“We are on track to deliver a first half result ahead of last year on a like-for-like basis, and remain confident of delivering full year underlying operating profit growth of 10% to 15%.”
Europe’s largest travel group saw winter 2014/15 closing out “as expected,” with higher average selling prices in most source markets, up 1% overall.
Sourced from Travel Weekly
By Ian Taylor | 24 March 2015 at 08.23 GMT
The travel industry will grow faster than the global economy this year, according to the latest World Travel and Tourism Council (WTTC) forecast.
The WTTC’s annual economic impact assessment predicts travel and tourism will grow by 3.7% worldwide this year against a global economic growth forecast of 2.9%.
The Council forecasts the sector’s total contribution to the world economy will reach $7,860 billion or 10% of global GDP, up by $280 billion on 2014, and travel will account for 9.5% of all jobs in the world “once all direct, indirect and induced impacts” are included.
The industry accounted for 277 million jobs worldwide last year, according to WTTC estimates.
WTTC president and chief executive David Scowsill (pictured) said: “Travel and tourism continues to grow faster than the global economy and is an enduring source of job creation and a driver of growth for every region in the world.”
He added: “The sector has recorded strong economic growth in 19 of the last 20 years, providing much-needed economic stability at a time of global economic volatility.
“Governments looking for a sector which can create jobs and drive economic growth should focus on travel and tourism.”
But Scowsill noted: “This industry requires the right regulatory environment in which to flourish, along with progressive policies on visa access, taxation, human resources planning, and sustainability.”
In an interview with Travel Weekly, Scowsill hit out at the UK government for failing to address these issues.
He said: “The UK is not a good example of managing the sector.”
The WTTC estimates the US and China as the two biggest travel and tourism economies in the world, with Germany now in third place, having overtaken Japan, and the UK in fifth.
The Council expects Russia to be the only G20 country to register a decline in travel and tourism growth this year, due to sanctions imposed by the US and European Union over the Ukraine.
The WTTC forecasts South Asia will see the highest travel and tourism growth in 2015 at 6.9% year on year, against growth in Europe of 2.4%.
However, Scowsill said: “The long-term prospects for our sector are very encouraging.
“Travel and tourism will continue to grow faster than the global economy and most other major industries.”
Sourced from Travel Weekly
By Phil Davies | 24 March 2015 at 07.44 GMT
The Irish government is reported to have urged the UK Competition and Markets Authority to force Ryanair to sell most of its stake in Aer Lingus.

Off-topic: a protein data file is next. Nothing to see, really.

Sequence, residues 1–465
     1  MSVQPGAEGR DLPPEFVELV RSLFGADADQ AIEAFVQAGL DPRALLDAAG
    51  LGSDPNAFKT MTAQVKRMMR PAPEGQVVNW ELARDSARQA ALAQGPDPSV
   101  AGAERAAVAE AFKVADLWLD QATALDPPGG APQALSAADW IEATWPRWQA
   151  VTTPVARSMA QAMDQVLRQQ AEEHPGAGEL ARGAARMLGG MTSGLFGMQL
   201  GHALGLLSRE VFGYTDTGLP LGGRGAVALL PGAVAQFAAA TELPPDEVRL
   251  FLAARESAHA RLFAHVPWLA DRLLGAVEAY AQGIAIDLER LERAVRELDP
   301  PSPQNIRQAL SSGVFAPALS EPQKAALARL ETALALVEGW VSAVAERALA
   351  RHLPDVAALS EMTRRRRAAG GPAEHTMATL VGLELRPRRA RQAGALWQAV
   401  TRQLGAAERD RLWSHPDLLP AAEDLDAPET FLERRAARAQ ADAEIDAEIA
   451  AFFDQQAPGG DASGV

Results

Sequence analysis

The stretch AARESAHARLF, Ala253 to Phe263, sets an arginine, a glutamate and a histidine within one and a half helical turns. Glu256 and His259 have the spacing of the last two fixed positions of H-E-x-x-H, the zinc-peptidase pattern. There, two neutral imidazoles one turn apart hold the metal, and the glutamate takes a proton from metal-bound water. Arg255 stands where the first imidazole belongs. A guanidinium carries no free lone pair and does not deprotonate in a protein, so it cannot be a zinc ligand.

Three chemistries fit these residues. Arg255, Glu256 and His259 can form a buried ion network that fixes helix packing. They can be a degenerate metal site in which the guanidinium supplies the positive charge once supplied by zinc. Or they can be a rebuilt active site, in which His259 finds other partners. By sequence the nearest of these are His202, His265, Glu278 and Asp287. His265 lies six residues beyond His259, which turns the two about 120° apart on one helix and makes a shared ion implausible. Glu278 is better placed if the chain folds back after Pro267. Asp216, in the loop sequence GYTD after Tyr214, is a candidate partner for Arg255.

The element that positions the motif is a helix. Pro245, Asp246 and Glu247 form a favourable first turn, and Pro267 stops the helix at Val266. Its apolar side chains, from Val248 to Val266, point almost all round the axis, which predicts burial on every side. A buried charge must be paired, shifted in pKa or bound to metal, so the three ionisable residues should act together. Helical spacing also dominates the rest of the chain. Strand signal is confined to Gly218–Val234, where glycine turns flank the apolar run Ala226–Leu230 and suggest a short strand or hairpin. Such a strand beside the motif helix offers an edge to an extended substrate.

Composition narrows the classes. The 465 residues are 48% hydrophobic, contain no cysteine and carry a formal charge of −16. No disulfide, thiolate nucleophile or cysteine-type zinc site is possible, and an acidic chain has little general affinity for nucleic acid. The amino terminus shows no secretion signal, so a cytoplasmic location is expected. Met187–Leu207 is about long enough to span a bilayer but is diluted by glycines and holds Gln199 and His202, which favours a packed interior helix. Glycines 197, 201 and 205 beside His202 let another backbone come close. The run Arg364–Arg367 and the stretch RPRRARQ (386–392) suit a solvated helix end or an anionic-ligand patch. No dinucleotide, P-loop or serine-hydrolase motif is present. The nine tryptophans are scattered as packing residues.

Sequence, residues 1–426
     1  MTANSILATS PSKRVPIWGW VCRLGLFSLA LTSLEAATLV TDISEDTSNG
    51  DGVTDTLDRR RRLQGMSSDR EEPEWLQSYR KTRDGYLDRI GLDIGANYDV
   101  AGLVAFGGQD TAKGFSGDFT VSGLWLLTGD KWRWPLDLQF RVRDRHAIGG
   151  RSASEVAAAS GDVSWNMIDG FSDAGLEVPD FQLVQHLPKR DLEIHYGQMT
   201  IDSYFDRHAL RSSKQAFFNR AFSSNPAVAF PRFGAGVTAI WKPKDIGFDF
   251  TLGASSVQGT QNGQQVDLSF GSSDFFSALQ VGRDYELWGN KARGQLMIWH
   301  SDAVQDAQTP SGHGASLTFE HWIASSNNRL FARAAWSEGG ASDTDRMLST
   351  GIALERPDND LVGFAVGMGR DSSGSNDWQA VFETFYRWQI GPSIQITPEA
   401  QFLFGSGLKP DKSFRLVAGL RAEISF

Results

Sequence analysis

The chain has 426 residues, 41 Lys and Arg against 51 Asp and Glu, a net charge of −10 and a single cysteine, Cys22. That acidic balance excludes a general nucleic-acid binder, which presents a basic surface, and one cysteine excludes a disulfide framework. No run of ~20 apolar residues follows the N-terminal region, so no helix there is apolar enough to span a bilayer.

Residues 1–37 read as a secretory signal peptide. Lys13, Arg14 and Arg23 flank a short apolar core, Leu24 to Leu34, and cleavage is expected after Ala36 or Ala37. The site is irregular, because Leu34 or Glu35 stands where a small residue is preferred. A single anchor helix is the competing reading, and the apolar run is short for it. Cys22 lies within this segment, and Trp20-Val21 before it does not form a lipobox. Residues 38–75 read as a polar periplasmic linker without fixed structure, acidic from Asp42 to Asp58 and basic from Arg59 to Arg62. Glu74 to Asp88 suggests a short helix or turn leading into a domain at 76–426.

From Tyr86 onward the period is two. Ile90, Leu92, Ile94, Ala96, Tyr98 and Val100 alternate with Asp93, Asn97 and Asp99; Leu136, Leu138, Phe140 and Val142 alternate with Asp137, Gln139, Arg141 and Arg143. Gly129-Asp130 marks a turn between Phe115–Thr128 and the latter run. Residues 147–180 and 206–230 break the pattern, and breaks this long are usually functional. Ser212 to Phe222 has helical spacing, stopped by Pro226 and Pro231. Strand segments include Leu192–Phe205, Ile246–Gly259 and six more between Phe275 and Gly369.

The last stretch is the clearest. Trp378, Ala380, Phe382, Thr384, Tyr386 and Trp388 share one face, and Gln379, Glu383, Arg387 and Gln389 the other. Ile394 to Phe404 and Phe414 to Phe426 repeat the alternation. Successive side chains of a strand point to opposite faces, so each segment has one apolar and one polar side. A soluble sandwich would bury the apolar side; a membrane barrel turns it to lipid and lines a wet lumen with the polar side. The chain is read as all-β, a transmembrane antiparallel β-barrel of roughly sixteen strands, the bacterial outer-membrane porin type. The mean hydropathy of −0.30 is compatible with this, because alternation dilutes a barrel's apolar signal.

It is the latest chapter in an ongoing attempt by British Airways owner International Airlines Group to persuade the Dublin government that it should sell its 25.1% shareholding in Aer Lingus and approve the takeover of the airline.
The UK competition watchdog should not be swayed from its previously stated position that Ryanair must be forced to cut its stake in Aer Lingus from nearly 30% to no more than 5%, according to a letter from a senior Irish transport department official to the CMA.
The CMA’s predecessor, the Competition Commission, ordered Ryanair to reduce its Aer Lingus holding two years ago, citing competition concerns. The watchdog also claimed that because Ryanair was such a big shareholder in Aer Lingus, it was likely to deter other airlines from making a bid to buy Aer Lingus.
Ryanair has claimed the fact that International Airlines Group has since made an approach to buy Aer Lingus negates a fundamental plank of the CMA decision to make it cut its stake in its smaller rival.
But the Irish Department of Transport said it agrees with the original finding and that it should still stand, the Irish Independent reported.
“The department considers that the IAG proposal confirms that merger and acquisition opportunities exist for Aer Lingus but that it also confirms that interest in acquiring Aer Lingus is contingent on Ryanair exiting Aer Lingus’ share register,” the letter to the CMA is reported to state.
“I can confirm that it remains the position of the government that it is unlikely to sell its shareholding in Aer Lingus while Ryanair continues to be a significant minority shareholder.
“The department considers that the CMA should…proceed with the remedial action.”
The CMA is proposing that a trustee be appointed to oversee the sale of the bulk of Ryanair’s holding in Aer Lingus.
However, IAG has asked the CMA that it instead give Ryanair permission to sell the entire Aer Lingus holding to IAG.
Ryanair has insisted it has strong grounds for not being forced to reduce its Aer Lingus stake.
Sourced from Travel Weekly
By Ian Taylor | 24 March 2015 at 08.30 GMT
The World Travel and Tourism Council (WTTC) urged the UK government “not to lose focus” on travel and tourism after forecasting the sector would grow by 4% this year in Britain, outpacing growth in the economy as a whole.